Hutton sets template for judicial inquiries

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Indy Politics

Even before Lord Hutton has published his findings, his inquiry is being hailed as the gold standard for all judicial proceedings of the future.

The speed and efficiency with which the evidence has been submitted and the witnesses cross-examined is proof that Government inquiries need not be spun out for years.

Lawyers argue judicial inquires that take many years to complete, and most do, offend the principle that justice delayed is justice denied.

To streamline his inquiry, Lord Hutton has been able to take advantage of recent legislation that gives senior judges who are investigating deaths the same powers as coroners.

The law first came into force in January 2000 and was successfully used in the inquiries into the Ladbroke Grove rail crash and the serial killer GP Harold Shipman.

But perhaps Hutton's greatest achievement has been in the use of IT. All the main documents, including extracts from Alastair Campbell's diaries, have been displayed on screen and later inspected by anyone who cares to log on to the inquiry's website.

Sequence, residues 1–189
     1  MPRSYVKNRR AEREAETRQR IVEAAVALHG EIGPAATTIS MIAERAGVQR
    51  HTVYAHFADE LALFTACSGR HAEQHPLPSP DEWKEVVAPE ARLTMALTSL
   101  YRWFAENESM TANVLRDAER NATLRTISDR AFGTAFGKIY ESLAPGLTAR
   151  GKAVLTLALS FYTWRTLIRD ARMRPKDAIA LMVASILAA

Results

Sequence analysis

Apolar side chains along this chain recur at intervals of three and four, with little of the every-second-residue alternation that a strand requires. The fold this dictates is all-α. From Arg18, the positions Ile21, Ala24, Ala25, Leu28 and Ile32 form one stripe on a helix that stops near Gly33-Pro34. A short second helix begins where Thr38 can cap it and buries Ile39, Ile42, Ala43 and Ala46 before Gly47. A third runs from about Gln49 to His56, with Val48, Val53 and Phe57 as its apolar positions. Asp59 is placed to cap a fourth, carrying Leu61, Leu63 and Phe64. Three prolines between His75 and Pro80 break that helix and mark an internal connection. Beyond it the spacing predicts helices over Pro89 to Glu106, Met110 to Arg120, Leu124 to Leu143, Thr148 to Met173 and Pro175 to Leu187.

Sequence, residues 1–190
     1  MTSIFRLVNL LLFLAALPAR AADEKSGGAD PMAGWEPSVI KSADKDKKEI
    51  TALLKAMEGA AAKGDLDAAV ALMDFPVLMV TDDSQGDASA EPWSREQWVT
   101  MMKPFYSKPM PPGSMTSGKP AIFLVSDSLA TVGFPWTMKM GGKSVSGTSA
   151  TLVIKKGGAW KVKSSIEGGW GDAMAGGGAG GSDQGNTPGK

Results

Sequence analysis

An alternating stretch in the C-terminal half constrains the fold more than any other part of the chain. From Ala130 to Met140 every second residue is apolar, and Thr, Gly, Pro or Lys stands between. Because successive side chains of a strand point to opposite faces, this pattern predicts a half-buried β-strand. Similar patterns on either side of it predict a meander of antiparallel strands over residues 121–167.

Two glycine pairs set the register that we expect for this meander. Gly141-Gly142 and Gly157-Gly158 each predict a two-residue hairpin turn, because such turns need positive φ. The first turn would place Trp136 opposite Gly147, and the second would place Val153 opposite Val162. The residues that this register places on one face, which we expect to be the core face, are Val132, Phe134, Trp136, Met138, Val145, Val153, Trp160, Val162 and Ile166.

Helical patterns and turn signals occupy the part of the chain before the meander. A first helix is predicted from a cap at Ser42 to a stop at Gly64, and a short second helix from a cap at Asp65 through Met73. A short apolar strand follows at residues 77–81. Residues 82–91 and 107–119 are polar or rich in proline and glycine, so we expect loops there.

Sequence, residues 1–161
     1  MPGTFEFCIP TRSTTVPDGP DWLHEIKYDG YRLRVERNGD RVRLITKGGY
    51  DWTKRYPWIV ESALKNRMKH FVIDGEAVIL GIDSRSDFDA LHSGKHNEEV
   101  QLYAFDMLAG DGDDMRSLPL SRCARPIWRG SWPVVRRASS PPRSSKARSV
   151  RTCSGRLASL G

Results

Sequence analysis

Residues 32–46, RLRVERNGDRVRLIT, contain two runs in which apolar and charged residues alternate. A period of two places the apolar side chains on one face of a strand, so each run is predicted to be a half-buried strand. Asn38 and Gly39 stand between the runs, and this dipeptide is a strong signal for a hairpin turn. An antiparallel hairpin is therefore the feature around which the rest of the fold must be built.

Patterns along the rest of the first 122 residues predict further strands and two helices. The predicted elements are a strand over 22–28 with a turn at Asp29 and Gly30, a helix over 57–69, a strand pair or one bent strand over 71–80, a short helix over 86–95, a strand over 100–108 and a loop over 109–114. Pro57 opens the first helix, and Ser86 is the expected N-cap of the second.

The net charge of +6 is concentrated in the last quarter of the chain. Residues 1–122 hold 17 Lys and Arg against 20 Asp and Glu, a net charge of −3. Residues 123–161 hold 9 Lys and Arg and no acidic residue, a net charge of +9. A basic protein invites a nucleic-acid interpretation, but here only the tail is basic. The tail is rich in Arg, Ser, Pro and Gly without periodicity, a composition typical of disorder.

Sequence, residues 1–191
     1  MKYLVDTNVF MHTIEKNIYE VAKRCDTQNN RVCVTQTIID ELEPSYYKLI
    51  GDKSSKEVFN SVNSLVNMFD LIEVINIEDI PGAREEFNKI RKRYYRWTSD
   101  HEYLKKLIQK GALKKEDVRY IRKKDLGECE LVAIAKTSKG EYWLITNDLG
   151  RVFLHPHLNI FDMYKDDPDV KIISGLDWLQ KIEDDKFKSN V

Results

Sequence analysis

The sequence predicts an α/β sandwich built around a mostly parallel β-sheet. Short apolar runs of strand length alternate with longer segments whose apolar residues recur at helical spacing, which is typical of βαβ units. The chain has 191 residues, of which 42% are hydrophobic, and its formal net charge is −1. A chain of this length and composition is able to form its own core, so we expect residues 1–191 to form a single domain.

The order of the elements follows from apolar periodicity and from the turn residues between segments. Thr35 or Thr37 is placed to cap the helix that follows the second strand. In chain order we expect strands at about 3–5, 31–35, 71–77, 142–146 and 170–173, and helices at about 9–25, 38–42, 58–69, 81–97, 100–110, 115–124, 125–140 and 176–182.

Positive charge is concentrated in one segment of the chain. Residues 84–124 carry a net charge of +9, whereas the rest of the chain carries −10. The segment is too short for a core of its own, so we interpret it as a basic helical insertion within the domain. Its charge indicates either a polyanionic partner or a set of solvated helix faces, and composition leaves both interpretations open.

And the public and the press have been able to follow all the proceedings live in rooms adapted for the high-tech presentation of evidence. There are already plans to adapt these IT systems for the next big cases in the Royal Courts of Justice.

The introduction of TV cameras to film yesterday's closing speeches has added to the sense of openness and will undoubtedly advance the case for televising courtroom trials.

But every inquiry is different. The kind of difficulties that have hampered Lord Saville's inquiry into the killing of 14 civilians in Londonderry by the British army have been mostly absent from Hutton.

The Bloody Sunday inquiry, criticised for taking six years and costing up to £100m, has encountered stiff resistance from some of the parties and witnesses. Many issues have had to be settled in the High Court, adding to the cost and extending the length of the inquiry.

No witness has refused Lord Hutton's invitation to testify and all the parties have made great effort to provide the documents requested.

Had Hutton encountered witnesses unwilling to testify, the same people who have praised the smooth-running of his inquiry would no doubt be lamenting the fact the law lord does not have the wide powers of subpoena and contempt under the Tribunals of Inquiry (Evidence) Act of 1921. The Government decided such powers were unnecessary.

By siting the tribunal in the Royal Courts of Justice the inquiry has a greater sense of authority than it would if Lord Hutton was sitting in another building. Accommodation permitting, perhaps other inquiries will be sited similarly.

But the real legacy will be the final report. If it fails to deliver on the main issues or highlights failings in the system, then the unique speed and efficiency will have been achieved at the expense of justice.